Using this knowledge to create action requires planning. Every law firm is a business, and a business that does not have a clear idea of overall goals and specific strategies for its most important asset — the young lawyers who are the future of the firm — likely does not have much of a future. An excellent acronym, SMART, describes what's required for an effective plan to grow the earnings development capabilities of associates:

  • Specific: The issue is not more billable hours by associates; it's what kind of billable work and what it contributes to the firm.

  • Measurable: If the firm cannot measure the growth of associates by specific standards of billable time, training and client development effort, it will never know the associates' true profit generation potential.

  • Achievable: Set near-term targets that are realistic and continually raise the bar.

  • Reasonable: Don't set associates up for failure with unreasonable income expectations or business development goals.

  • Timely: Give associates an adequate timeframe that still imparts a sense of urgency.

A smart growth plan doesn't have to be complicated. It can be as fundamental as identifying two or three desired outcomes for the associate within a given time period, defining the behaviors necessary to achieve those outcomes, then giving the associate the means to achieve results.

For any associate, the future depends on whether the individual himself or herself is committed to success, and whether their firm provides the means to succeed. Defining "success" in relative terms such as "more revenue" or "better marketing" sets a subjective standard that is difficult to discuss, let alone achieve.

Profitability Steps

The earlier associates begin taking specific steps in their smart growth plans, the sooner they can enhance their profit contributions. Firms should encourage associates to undertake fundamental business development activities apart from the work that partners assign to them. This can be as simple as communicating regularly with law school friends to develop referral sources. Or it can be a more organized effort, like getting associates out into the public eye by writing articles and attending lunch or bar association functions, particularly when these things are done with established older partners. Associates should also be encouraged to do blogging and other social media marketing, and to contribute to client news updates. But although social networking sites are becoming part of lawyers' marketing efforts, personal contact is the differentiating factor that gets a lawyer noticed, and is the cornerstone of marketing. To grow a career, irrespective of the size of the law firm, each associate must use such tools as these and establish the expertise necessary to get before prospects and convince those prospects to become clients. That is the path to profitable career growth, for both associate and firm.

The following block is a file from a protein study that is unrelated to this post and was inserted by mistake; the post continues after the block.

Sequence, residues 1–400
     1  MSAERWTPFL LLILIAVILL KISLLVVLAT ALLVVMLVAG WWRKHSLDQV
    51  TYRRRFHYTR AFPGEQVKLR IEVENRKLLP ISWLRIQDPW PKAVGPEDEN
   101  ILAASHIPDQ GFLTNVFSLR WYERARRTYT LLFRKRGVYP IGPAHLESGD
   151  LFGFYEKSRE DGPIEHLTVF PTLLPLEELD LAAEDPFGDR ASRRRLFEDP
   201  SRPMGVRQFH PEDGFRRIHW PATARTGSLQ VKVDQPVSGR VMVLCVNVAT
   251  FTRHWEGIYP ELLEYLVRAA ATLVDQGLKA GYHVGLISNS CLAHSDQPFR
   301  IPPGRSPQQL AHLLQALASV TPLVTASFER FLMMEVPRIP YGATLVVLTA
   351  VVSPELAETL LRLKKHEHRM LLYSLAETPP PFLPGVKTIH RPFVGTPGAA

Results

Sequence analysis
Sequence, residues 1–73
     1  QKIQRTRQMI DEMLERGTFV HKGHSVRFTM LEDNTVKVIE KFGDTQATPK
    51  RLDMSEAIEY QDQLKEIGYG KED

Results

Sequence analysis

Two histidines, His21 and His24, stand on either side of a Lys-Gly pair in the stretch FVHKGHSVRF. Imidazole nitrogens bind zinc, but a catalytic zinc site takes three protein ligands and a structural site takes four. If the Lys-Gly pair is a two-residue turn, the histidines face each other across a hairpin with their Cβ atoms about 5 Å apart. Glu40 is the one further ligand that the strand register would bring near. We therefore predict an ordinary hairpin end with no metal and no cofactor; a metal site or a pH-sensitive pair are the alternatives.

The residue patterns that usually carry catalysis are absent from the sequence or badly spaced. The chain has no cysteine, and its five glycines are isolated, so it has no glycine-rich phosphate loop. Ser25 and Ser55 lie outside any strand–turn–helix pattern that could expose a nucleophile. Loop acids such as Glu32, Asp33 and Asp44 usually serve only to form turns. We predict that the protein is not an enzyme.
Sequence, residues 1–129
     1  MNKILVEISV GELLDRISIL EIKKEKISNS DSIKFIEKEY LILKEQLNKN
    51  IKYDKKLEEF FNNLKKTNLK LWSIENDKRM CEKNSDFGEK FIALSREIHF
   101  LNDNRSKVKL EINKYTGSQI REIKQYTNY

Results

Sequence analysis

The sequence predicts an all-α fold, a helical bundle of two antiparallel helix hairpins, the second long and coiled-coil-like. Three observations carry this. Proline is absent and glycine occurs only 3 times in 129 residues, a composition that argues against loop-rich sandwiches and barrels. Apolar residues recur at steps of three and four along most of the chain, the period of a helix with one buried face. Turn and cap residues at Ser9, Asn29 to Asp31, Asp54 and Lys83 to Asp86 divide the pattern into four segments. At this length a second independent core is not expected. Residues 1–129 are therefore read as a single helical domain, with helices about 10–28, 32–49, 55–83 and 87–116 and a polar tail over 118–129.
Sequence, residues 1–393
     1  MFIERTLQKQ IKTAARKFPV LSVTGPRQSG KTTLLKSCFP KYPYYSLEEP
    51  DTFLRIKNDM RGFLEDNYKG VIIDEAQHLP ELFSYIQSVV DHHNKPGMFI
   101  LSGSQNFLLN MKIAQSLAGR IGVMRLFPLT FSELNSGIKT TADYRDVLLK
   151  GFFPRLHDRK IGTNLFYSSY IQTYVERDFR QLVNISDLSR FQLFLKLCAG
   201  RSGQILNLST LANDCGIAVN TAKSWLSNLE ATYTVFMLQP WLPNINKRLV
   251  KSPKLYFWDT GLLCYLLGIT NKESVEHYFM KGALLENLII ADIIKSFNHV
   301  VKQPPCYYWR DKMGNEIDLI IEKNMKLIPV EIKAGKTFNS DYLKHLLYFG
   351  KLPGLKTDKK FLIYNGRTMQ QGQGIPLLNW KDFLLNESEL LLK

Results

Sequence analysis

Once associates look at their careers as a series of structured business and professional development targets, the dynamic changes. It's no longer a matter of guessing what the partners want them to do or wondering if the firm will retain them — it becomes a process of understanding what they ought to do and setting out to achieve it. Given that associates typically come to the firm with little or no exposure to this sort of thinking, the only way they will acquire it is building up confidence by doing. Targeting prospects who can provide desirable work that fits the firm's capabilities shows that an associate thinks like a partner. Associates who understand how to grow a career can better assess the value they provide, and better reflect it in their performance. These are the associates that are profitable, and that every firm wants to keep.